History of Injectable Tissue Engineering - Skin Essay Example
My part of the assignment is to provide a detailed history of Injectable Tissue Engineering - History of Injectable Tissue Engineering introduction. I must also provide details how Injectable Tissue Engineering affects the environment. Ttissue engineering has advanced dramatically in the last 10 years, offering the potential for regenerating almost every tissue and organ of the human body. Tissue engineering and regenerative medicine remain a flourishing area of research with many new potential treatments for many disease and amputations.
The advances involve researchers in a multitude of disciplines, including cell biology, biomaterials science, and Injectable Tissue Engineering of cell material interactions. Tissue engineering aims to restore, maintain, or improve tissue functions that are defective or have been lost by different pathological conditions by reconstructing tissues. Injectable Tissue Engineering is the process of using specific tissue or organs to repair, replace or regenerate specific diseased tissue or organs without the need for surgery. Tissue engineering frequently involves stem cells.
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Implanting stem cells in the appropriate location can generate cells such as bone, tendons and cartilage. If the patient’s own cells cannot be used cells from another human donor can be used. Tissue engineering will have a significant impact in science and medicine in the future. History and Timeline There have been references to Tissue Engineering long before the term even existed. Many point to the Renaissance painting “The Healing of Justinian by Saint Cosmas and Saint Damian” as the first example of Tissue Engineering in the human mind.
In 1438, Angelico Fra depicted two saints healing a wounded soldier by replacing his leg with what appears to be a Homograft limb, which means that the limb is grown outside using the patient’s own cells. This is not unlike the present day organ growing ideas. However, the oldest sign of something that resembles what we now know as Tissue Engineering comes from the Bible. Tissue Engineering as we know it today, was in the 1970’s when a pediatric orthopedic surgeon at the Children’s Hospital, W. T. Green, MD tried to create cartilage and implant this into a mouse.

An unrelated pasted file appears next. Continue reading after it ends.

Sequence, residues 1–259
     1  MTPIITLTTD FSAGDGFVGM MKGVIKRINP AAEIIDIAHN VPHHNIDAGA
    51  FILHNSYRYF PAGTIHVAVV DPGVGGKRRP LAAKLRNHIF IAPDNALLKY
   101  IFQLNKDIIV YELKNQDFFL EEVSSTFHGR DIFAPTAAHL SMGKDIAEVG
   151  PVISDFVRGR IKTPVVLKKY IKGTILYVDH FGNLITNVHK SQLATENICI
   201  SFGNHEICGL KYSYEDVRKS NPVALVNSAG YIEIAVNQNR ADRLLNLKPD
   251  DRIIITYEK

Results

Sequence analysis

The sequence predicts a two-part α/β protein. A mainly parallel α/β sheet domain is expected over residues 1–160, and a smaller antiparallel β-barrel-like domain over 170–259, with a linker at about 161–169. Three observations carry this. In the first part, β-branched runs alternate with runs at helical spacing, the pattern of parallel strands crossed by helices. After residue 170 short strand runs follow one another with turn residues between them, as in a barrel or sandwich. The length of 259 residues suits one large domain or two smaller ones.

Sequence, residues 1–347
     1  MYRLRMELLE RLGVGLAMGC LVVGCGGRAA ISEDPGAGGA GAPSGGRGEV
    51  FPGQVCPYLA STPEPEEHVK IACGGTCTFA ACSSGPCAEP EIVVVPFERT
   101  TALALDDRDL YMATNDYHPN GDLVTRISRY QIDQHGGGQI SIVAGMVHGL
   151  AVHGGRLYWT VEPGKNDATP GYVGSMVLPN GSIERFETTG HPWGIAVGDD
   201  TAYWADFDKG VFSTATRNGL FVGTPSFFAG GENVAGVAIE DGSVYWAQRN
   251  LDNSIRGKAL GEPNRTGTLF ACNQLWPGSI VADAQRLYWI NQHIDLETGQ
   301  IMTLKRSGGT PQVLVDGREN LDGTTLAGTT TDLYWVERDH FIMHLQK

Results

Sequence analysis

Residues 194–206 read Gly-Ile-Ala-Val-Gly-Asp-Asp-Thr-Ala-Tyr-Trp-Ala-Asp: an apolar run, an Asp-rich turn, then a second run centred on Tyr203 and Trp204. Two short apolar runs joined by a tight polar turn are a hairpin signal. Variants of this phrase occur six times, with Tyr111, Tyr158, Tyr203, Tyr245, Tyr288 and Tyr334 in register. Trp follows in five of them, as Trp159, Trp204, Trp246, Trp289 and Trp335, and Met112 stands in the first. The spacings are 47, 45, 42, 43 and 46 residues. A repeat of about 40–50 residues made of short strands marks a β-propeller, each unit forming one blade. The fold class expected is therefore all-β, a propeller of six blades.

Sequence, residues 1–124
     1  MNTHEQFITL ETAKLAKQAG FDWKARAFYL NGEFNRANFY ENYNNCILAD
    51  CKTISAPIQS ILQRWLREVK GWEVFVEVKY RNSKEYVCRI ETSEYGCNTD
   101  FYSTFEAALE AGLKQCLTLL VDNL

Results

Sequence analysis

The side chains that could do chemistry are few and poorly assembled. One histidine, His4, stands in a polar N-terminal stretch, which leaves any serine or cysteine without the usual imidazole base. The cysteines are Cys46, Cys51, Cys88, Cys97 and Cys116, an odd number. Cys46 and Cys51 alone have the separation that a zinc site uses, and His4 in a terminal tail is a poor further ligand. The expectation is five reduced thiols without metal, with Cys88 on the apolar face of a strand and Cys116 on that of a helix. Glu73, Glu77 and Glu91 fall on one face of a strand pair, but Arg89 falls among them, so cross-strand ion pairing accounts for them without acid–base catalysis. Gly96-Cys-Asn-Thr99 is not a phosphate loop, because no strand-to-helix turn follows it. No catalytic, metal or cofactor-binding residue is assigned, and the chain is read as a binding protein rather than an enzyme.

This experiment was a failure but it would later lead the way to breakthrough experiments in the field of tissue engineering. In 1985, Y. C. Fung, an American bioengineering, drew on the traditional definition of “tissue” as a fundamental level of analysis of living organisms, between cells and organs. Fung’s ideas were rejected. However, the concept was reintroduced in 1987 by a Research Board Research to Aid the Handicapped (BRAH) Program. In the early 90’s, two doctors of the Massachusetts General Hospital and MIT worked together to create a skin substitute by using a collagen matrix to support the growth of skin cells.
These skin cells were later successfully transferred to burn patients. A breakthrough occured in the mid-1980’s when Dr. Vacanti approached Dr. Langler of MIT about designing appropriate scaffolds rather than using naturally available scaffolds, whose chemical and physical properties could not be controlled. The use of these natural scaffolds led to unpredictable results. Dr. Vacanti designed and conducted many thorough studies attempting to generate tissue surrogates. He used a branching network of synthetic biocompatible and biodegradable polymers as the scaffolds, which were then seeded with viable cells.